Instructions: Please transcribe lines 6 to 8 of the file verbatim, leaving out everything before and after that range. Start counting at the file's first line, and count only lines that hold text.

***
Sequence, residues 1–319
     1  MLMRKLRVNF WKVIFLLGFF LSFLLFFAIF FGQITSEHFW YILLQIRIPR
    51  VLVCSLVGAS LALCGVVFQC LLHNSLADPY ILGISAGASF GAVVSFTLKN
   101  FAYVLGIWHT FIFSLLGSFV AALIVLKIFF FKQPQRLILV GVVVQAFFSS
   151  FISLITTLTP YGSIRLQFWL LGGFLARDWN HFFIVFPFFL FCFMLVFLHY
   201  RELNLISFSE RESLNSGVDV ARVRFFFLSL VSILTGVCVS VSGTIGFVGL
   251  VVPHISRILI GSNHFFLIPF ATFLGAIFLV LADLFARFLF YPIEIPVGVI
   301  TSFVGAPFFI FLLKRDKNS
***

   201  RELNLISFSE RESLNSGVDV ARVRFFFLSL VSILTGVCVS VSGTIGFVGL
   251  VVPHISRILI GSNHFFLIPF ATFLGAIFLV LADLFARFLF YPIEIPVGVI
   301  TSFVGAPFFI FLLKRDKNS